Witch Hunter: The Invisible World

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Witch Hunter
The Invisible World
Designer(s) Scott Charlton, Rucht Lilavivat, Henry Lopez, M. Sean Molley, Brian Schoner, Robert J. Schwalb, Robert Vaughn
Publisher(s) Alligator Alley Entertainment
Publication date 2007
Genre(s) Swashbuckling, Colonial, Horror
System(s) Custom
Website [1]

Witch Hunter: The Invisible World is an American ENnies-nominated[1] swashbuckling, colonial, horror role-playing game. It was first published by Paradigm Concepts in 2007 and premiered at the Origins Game Fair. The players play witch hunters, otherwise-normal men and women who have left their past behind in order to seek and destroy supernatural evil. Major contributors to Witch Hunter are: Scott Charlton, Pat Laboyko, Rucht Lilavivat, Henry Lopez, M. Sean Molley, Brian Schoner, Robert J. Schwalb, Robert Vaughn, and Eric Wiener.

A second edition of the game was released in 2014 with Eric Wiener as the lead designer.[2] In 2016, the Witch Hunter game line was acquired by Alligator Alley Entertainment, who now holds the rights for game and associated media.[3]


The game is set in an alternate version of 1689. The presence of magic has allowed the Aztec Empire to survive Spanish invasion and the Netherlands is still in firm control of New Amsterdam. The Black Plague was far more devastating to the male population of Europe, so women have assumed roles and professions that were previously denied to them. The heroes are pitted against the Devil himself, usually referred to as "The Adversary". The campaign background describes how King Solomon (with the aid of six wise magi) created a Great Seal to bar the minions of the Adversary from this world. Unfortunately, the process was corrupted, such that the Seal would eventually fade. As a result of this corruption, demons and other supernatural threats have slowly been passing from "The Invisible World" to ours.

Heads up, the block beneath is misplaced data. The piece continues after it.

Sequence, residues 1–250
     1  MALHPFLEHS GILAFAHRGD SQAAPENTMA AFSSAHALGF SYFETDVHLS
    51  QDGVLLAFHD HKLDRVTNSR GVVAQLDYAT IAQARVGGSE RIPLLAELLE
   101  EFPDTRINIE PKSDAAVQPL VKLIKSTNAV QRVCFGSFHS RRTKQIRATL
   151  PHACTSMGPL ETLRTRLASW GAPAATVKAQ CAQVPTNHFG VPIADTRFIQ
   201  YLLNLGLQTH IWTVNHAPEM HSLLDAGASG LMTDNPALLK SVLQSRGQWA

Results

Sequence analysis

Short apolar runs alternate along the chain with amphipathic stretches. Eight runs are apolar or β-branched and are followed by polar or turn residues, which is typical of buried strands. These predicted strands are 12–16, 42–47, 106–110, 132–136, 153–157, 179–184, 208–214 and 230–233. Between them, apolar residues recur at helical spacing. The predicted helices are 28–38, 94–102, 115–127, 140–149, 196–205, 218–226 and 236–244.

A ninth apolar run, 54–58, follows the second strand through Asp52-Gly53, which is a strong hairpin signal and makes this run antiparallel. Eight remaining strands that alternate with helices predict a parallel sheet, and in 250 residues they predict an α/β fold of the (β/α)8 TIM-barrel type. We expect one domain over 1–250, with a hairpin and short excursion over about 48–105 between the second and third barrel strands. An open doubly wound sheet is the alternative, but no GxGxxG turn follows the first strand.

Creation of a Witch Hunter is done through a choice based system. Players choose a background that provides base skills and a unique ability. Players also generate stats by purchasing them with a points pool. Players also choose an order of Witch Hunters which they are a member of. Each order grants a unique ability and philosophy.


Witch Hunter uses a d10 dice-pool based skill-set of rules. For any given task that the character wishes to attempt, the player rolls a number of ten-sided dice. This number equals the relevant ability plus the number of skill levels plus any relevant modifiers. For every die roll that equals 7 or more, the character has achieved one "success". If the player rolls a "10", it is counted as a success and the die is re-rolled. Re-rolled 10's are also re-rolled, which means that even a neophyte has a small chance of performing remarkable acts. If there are no successes and at least one "1", this is considered a "botch". If the character achieves sufficient successes, then he accomplishes the task. For some tasks, successes beyond the minimum cause additional degrees of success, such as a more potent attack.


  • Witch Hunter was a 2008 semi-finalist for the 34th Annual Origins Awards for the best role playing game category.
  • Witch Hunter was nominated for three 2008 GenCon ENWorld RPG Awards (the ENnies) for Best Product, Best Game, and Best Rules.


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